Low light and flowering plants don’t normally go hand in hand, but there are some flowering indoor plants that will bloom for you in lower light situations. Let’s take a look at the best options for areas with little light.
Choosing Low Light Flowering Houseplants
Low light indoor plants  are an excellent way to add greenery, but what about color? A low light indoor plant with flowers is harder to come by, but not impossible. Here are some great choices for houseplants that bloom with little light:
- African Violets – These are among the best flowers for low light indoors. African violets  can bloom almost continually year round if they are kept happy. You can get these to bloom even in areas with no direct sunlight. In fact, they prefer bright indirect light, or filtered sun, for best results. These plants prefer warmer conditions (over 65 F. or 18 C.) and like the surface of their soil to dry out before watering again. Fertilize regularly for best results.
- Lipstick Plants – A more unusual flowering plant to grow indoors is the lipstick plant . The care is very similar to African violets, but these are trailing plants. In fact, African violets and lipstick plants are related. The plant produces numerous red flowers with maroon bases that resemble lipstick tubes.
- Streptocarpus – Another beautiful flowering plant also related to African violets is cape primrose  (Streptocarpus). The care is similar but they look quite different. They can bloom just as prolifically, though, in many colors. Just make sure to keep the soil relatively moist and keep them in good indirect light for best results.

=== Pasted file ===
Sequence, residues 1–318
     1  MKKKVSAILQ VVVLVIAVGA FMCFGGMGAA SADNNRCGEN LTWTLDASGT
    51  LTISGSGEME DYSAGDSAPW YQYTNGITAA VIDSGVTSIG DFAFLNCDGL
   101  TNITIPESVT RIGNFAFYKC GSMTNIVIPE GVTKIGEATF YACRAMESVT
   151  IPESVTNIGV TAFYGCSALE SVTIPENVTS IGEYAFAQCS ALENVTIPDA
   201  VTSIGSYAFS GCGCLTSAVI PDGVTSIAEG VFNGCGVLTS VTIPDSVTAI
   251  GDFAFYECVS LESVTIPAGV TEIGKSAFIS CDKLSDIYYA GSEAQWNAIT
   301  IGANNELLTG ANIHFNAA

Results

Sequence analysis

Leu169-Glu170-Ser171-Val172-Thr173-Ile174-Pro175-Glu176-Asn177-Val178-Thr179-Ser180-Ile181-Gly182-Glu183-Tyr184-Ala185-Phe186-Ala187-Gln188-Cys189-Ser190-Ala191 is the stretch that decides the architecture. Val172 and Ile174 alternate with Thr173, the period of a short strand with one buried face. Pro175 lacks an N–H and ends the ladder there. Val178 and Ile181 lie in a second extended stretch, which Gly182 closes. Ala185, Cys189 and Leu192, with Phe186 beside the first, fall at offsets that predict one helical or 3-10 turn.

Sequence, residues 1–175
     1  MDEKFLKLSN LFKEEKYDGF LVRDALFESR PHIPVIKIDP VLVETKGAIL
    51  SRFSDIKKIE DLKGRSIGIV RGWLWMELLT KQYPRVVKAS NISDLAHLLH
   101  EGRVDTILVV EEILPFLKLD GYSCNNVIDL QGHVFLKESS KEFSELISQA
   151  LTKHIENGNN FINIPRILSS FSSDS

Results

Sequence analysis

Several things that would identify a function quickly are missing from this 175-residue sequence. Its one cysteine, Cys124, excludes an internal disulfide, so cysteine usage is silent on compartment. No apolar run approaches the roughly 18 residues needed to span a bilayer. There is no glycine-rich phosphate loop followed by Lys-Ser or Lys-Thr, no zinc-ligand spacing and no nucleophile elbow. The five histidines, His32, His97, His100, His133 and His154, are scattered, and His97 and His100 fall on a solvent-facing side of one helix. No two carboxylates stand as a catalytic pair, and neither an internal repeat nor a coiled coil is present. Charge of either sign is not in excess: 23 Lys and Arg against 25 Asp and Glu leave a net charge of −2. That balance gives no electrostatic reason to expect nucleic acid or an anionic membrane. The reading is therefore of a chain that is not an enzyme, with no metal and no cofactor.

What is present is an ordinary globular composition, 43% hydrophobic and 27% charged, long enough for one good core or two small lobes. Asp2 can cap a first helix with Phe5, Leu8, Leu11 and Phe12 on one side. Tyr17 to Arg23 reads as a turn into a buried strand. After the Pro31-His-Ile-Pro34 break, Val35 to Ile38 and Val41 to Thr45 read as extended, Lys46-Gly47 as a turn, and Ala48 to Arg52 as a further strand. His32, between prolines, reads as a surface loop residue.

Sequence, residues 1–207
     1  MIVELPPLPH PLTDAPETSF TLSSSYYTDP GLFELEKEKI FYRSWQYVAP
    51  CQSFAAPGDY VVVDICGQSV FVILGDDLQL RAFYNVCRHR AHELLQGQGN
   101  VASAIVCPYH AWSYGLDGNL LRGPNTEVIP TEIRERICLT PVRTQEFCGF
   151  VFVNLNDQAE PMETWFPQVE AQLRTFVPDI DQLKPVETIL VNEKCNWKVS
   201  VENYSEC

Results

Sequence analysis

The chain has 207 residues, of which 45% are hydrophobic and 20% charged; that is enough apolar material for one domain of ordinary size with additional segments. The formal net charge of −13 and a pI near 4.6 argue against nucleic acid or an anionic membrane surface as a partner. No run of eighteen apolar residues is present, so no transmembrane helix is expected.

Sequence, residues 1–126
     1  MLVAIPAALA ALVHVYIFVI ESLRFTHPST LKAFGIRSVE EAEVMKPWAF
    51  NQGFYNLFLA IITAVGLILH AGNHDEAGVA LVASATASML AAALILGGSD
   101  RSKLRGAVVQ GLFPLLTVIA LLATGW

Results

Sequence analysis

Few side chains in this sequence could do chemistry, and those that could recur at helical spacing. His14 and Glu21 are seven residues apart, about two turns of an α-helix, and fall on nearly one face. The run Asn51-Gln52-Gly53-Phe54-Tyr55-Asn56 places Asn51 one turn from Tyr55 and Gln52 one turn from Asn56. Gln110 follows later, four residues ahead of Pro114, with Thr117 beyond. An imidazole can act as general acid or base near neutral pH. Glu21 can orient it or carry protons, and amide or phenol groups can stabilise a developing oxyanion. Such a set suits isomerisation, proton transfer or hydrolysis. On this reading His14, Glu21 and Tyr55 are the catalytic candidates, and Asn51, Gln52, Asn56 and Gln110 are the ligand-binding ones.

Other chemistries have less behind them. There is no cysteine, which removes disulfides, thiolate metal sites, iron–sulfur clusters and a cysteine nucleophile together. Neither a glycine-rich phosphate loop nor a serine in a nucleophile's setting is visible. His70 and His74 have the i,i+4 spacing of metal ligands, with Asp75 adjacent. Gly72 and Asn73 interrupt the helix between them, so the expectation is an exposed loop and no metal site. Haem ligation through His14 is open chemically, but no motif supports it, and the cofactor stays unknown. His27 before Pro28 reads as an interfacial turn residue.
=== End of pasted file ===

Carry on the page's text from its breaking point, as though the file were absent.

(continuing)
- Peace Lily – Peace lily  (Spathiphyllum) is among the best of houseplants that blooms with little light. The spathes are typically white and can show up throughout the year, but will probably be more plentiful in the summer time – and with a little more light. The glossy, large leaves offer a beautiful backdrop against the white flowers. These plants like to be on the moist side so make sure not to let these dry out completely if you can help it.
- Phalaenopsis – Moth orchids  are among the lowest light orchids that can be easily grown in the home. They thrive in average indoor conditions and the flowers can easily last a few months and are easy to rebloom. They are epiphytes  in nature, so they are typically sold growing in a bark mix or sphagnum moss. When you water, be sure to thoroughly moisten all the roots, including exposed roots. If you can help it, never let them dry out completely. Sufficient light is needed to trigger blooming. A 10- to 15-degree drop in nighttime temperature can also help induce blooming.
- Bromeliads – The leaves and bracts of these low light indoor plants, also epiphytes, are vibrant and colorful, adding flair to any room or cubicle. Bromeliads  may also produce lovely flowers, but in between, you can just enjoy their natural beauty.
- Christmas Cactus – Christmas cacti  make good indoor plants and require little care. These plants need 12 hours of darkness to bloom, and this normally occurs during the winter months in most households. This is also why they are good low light indoor plants. The flowers on a Christmas cactus can range from white to pink to red.
Remember that low light does not mean a dark corner in your home or office. These plants still need a certain amount of bright indirect light to grow. If you find that your plant is not blooming, you are likely not giving it enough light. Either move your plant closer to a window or supplement with additional fluorescent lighting .
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